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What you Need to Know About Setting Prices

By: Matthew Strawbridge - Updated: 9 Oct 2012 | comments*Discuss
What You Need To Know About Setting Prices

How do you determine what price to charge for your goods and services? Do you just copy your competition, or try to undercut them? You could be missing out on potential profit. This article presents a more scientific approach to pricing.

The Demand Curve

In finance, a demand curve represents the relationship between the cost of a commodity and the quantity of that commodity that consumers are willing or able to purchase.

Suppose you run a business importing bananas from Ecuador to the UK. In fact, let’s simplify things even further by supposing you have the sole licence to import bananas into this country: if someone wants to buy a banana, they have to buy it from you.

What is the demand for bananas? If you were able to charge a penny each, your business could probably sell millions of them quite easily (ignoring the logistics of actually getting them to the purchasers before they turned black!). In contrast, if you charged £100 for each banana you would not sell very many, perhaps only being able to sell to the top London hotels as a speciality item for their menus.

Visualise a graph with price on the Y-axis and quantity on the X-axis. As the price comes down, the quantity you are able to sell increases. We can represent this as some kind of line from the top-left of the graph to the bottom-right. However, in most markets this isn’t a straight line; instead it is a concave curve.

If you think about it, you can work out why this must be the case: the curve won’t cross either of the axes. If the quantity is very low, the cost will be very high, but for a quantity of zero the cost is meaningless. Similarly, if the price is low then the quantity will be high, but there is no maximum to the demand if the product is given away for free.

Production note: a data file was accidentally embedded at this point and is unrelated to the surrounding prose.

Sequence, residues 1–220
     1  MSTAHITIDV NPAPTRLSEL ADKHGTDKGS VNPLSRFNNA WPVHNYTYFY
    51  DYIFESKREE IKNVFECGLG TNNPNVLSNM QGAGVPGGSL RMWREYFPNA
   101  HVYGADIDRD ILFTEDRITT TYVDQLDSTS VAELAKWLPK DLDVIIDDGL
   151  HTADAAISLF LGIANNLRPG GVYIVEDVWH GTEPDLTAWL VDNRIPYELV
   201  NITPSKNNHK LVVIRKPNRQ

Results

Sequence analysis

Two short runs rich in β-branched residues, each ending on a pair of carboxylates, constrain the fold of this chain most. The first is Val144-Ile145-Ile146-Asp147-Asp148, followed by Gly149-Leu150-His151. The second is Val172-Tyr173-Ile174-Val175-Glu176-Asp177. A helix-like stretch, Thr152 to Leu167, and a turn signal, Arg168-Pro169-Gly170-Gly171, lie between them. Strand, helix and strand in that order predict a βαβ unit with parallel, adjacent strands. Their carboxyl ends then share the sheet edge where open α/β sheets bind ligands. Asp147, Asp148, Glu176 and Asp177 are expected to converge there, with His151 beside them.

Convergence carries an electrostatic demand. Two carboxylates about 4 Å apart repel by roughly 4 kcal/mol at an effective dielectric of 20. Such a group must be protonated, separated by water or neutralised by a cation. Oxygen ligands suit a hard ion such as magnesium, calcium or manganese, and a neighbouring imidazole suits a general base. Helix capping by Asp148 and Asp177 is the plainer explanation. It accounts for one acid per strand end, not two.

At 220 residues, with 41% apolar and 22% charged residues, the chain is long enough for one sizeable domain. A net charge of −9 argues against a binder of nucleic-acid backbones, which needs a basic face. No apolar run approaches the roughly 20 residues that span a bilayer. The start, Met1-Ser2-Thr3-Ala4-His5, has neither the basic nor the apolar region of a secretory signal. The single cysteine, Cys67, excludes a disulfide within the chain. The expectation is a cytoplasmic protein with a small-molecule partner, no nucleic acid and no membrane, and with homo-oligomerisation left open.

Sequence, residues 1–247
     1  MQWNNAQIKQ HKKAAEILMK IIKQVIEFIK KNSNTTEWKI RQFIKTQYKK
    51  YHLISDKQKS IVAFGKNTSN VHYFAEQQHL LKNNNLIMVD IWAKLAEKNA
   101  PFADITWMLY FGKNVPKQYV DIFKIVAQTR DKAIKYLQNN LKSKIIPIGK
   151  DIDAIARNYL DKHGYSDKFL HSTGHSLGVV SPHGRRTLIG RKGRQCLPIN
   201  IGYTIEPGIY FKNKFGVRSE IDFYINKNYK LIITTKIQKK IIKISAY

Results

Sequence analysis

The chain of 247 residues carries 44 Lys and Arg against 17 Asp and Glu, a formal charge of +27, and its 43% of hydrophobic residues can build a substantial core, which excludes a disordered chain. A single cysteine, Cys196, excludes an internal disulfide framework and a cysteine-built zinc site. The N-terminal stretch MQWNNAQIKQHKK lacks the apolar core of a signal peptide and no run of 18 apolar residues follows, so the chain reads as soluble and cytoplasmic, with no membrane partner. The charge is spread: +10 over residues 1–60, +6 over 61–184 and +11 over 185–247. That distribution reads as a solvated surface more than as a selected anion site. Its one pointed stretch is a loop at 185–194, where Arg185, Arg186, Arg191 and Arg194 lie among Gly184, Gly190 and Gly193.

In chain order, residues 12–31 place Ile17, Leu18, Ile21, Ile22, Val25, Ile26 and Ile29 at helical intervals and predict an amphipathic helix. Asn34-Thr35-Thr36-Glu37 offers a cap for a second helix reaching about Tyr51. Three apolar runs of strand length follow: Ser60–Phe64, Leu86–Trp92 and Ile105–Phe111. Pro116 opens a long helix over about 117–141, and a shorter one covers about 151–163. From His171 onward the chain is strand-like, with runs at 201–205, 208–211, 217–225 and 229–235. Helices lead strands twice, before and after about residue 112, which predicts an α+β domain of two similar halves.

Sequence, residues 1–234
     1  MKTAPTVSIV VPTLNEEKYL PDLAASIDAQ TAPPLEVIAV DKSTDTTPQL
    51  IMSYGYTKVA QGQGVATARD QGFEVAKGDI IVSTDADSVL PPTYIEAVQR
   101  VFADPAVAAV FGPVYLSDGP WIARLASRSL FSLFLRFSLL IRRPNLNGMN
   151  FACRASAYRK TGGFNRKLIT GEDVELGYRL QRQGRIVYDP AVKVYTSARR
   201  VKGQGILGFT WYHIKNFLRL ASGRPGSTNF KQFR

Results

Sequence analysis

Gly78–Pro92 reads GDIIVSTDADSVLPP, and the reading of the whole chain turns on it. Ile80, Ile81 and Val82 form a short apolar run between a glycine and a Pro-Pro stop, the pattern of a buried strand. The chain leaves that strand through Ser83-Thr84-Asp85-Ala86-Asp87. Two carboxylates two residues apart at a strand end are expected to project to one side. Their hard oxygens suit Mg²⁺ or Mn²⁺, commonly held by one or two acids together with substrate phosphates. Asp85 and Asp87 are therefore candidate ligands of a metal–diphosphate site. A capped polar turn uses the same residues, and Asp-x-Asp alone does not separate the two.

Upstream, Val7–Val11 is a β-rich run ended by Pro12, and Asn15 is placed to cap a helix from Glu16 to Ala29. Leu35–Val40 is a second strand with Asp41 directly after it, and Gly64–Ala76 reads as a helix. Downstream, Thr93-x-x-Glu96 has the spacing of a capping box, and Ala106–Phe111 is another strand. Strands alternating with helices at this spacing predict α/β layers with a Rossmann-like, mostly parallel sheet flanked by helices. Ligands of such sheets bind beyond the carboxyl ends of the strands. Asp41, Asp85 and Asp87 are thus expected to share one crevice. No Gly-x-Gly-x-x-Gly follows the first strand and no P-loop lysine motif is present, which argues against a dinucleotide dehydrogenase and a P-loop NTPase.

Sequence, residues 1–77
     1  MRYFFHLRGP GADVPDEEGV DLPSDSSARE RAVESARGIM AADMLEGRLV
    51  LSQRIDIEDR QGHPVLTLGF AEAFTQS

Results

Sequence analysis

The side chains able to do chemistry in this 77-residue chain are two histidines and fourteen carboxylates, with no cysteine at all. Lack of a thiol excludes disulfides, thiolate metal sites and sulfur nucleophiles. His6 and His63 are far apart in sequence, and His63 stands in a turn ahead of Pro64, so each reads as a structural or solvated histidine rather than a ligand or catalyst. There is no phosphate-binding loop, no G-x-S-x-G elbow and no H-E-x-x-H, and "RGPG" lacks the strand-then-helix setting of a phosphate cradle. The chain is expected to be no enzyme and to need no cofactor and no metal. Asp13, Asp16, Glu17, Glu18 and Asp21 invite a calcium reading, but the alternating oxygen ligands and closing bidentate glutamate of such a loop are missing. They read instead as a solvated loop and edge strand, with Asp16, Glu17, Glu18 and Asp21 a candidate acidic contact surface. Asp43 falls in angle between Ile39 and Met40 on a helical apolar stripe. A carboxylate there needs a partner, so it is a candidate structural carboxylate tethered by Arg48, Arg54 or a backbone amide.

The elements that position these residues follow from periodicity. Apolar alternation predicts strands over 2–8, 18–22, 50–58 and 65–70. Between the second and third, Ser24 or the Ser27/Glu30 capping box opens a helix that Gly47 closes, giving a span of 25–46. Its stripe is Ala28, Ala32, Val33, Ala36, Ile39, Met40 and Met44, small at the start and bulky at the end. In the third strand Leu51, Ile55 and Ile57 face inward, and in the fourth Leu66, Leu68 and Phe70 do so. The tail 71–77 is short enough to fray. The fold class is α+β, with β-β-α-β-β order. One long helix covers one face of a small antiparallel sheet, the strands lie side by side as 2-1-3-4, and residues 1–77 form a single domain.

If you can accurately determine this demand curve for your product, you can predict how many units you will sell based on what you decide to charge. By taking into account your fixed overheads and manufacturing costs, you can set the price that will maximise the profit you make.

Price Points

That sounds easy! But, of course, there are some other things to think about. The example business discussed above had the luxury of being a monopoly. In your business, you need to think about what your competitors are charging when deciding what you should charge yourself.

Although the general shape of a demand curve will be convex, a more accurate model will show peaks at certain points in its overall descent. These peaks represent fixed values of money at which demand is unusually high. These peaks occur at so-called price points.

There are various causes for this phenomenon. The first has already been mentioned: competitors. If your product is very similar to that produced by a competitor, then you can expect to sell significantly more if your product costs marginally less than theirs than if it costs marginally more.

Other factors generally involve psychological choices made by your customers. For example, if they are used to paying a certain amount for a product, demand may fall off steeply if that figure is raised slightly. Similarly, some figures just seem to be more expensive than they are: think about all the goods sold for 99p (“mere pennies”) rather than a pound. Consider the complaints bar staff have to put up with when the cost of a pint of beer is raised from £3.00 to £3.10; only a 3% rise but of deep psychological concern to the barflies!

Putting This into Practice

Changing the cost to the consumer affects the quantity you are able to sell; changing the quantity available affects what you are able to charge. This is simple finance.

Conduct market research to determine the demand curve for the product you are selling. You may need to get people to actually spend their money in order to get realistic figures. See what success you have by trying to sell a fixed quantity at each of several different costs and then try to draw a curve through the results.

Use this curve to work out the optimum price and quantity for maximising the profit you make, and adjust this to the nearest price point. Congratulations, you have just set your price!

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